Resource Pack: CEA Herpes Zoster Vaccine


This resource pack on the cost-effectiveness of herpes zoster vaccination was curated to support Dr. Lisa Prosser's seminar on November 9, 2017 at the Center for Health Decision Science. Dr. Prosser discussed an economic evaluation of vaccination against herpes zoster.

Herpes zoster—more commonly known as shingles—presents a major burden for older Americans but, until recently, the only available vaccine (Zoster Vaccine Live, ZVL) was relatively ineffective past 10 years. A recently approved vaccine–herpes zoster subunit (HZ/su)--has shown efficacy at preventing shingles for significantly longer duration than ZVL.

Dr. Prosser’s team conducted a cost-effectiveness analysis to answer three questions: (1) is the new vaccine cost-effective compared to no vaccination; (2) is it cost-effective in those who have already received the old vaccine (ZVL); and (3) is it cost-effective when compared to ZVL (i.e., is it preferred to ZVL). They found that vaccination with the new vaccine provided good value, and would be considered to be cost-effective using standard benchmarks in the U.S. The findings were presented to the Advisory Committee on Immunization Practices (ACIP), whose recommendations are generally followed by the Centers for Disease Control and Prevention to issue guidelines. Learn more about the seminar here.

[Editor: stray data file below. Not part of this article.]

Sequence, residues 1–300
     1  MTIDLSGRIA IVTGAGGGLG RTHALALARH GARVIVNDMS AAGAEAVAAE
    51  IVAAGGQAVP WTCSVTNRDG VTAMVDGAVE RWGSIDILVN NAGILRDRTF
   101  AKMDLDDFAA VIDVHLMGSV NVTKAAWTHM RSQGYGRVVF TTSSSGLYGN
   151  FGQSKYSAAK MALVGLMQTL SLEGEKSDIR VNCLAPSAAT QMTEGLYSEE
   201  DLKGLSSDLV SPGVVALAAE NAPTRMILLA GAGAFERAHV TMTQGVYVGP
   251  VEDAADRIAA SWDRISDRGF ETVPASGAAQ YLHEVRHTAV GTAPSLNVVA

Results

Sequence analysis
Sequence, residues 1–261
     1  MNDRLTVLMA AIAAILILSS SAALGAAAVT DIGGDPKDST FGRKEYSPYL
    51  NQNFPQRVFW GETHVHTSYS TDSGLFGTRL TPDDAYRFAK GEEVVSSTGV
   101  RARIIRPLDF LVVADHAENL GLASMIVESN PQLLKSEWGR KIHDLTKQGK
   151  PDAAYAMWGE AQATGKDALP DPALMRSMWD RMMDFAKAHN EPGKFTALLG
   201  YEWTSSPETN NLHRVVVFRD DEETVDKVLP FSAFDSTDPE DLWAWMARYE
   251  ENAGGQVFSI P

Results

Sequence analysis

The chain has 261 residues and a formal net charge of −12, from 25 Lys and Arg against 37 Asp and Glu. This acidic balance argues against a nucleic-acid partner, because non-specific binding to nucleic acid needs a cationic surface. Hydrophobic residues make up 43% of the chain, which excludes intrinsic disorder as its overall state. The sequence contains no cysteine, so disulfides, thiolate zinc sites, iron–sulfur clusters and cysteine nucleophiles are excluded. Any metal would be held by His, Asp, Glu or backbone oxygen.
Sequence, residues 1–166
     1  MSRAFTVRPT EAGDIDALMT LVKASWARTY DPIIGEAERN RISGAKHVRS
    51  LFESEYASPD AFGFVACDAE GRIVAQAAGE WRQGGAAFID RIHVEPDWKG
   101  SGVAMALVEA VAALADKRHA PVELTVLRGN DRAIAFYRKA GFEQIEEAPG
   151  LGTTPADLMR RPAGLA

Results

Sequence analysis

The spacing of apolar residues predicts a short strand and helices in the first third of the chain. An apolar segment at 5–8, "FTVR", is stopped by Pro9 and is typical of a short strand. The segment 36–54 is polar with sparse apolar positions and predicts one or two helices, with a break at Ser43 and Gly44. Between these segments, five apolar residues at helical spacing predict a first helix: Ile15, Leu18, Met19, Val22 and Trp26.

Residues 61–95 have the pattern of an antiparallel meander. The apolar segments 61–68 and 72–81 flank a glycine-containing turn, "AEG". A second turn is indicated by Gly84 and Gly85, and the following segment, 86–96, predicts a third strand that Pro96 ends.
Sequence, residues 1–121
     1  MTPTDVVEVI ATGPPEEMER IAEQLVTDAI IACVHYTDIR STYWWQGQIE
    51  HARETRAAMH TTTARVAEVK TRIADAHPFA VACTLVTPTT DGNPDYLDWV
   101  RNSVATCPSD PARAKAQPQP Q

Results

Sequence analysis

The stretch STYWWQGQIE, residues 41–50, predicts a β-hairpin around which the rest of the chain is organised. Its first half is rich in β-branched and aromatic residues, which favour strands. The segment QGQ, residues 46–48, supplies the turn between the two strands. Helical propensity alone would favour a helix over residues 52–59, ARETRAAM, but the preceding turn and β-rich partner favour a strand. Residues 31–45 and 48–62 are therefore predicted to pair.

The resource pack contains selected news, editorials, and articles on vaccine efficacy, cost-effectiveness, and patient preferences. It is not intended to be a comprehensive review, but an opportunity for educators and students to learn more about the potential role of decision science to influence contemporary policy issues.

An annotated bibliography with hyperlinks to the repository and original source for each resource, and documentation of open versus closed access status, is available to download at the bottom of this page. 


Click here to download a PDF document of this complete pack


Resource Pack: CEA Herpes Zoster Vaccine. Center for Health Decision Science, Harvard T.H. Chan School of Public Health 2017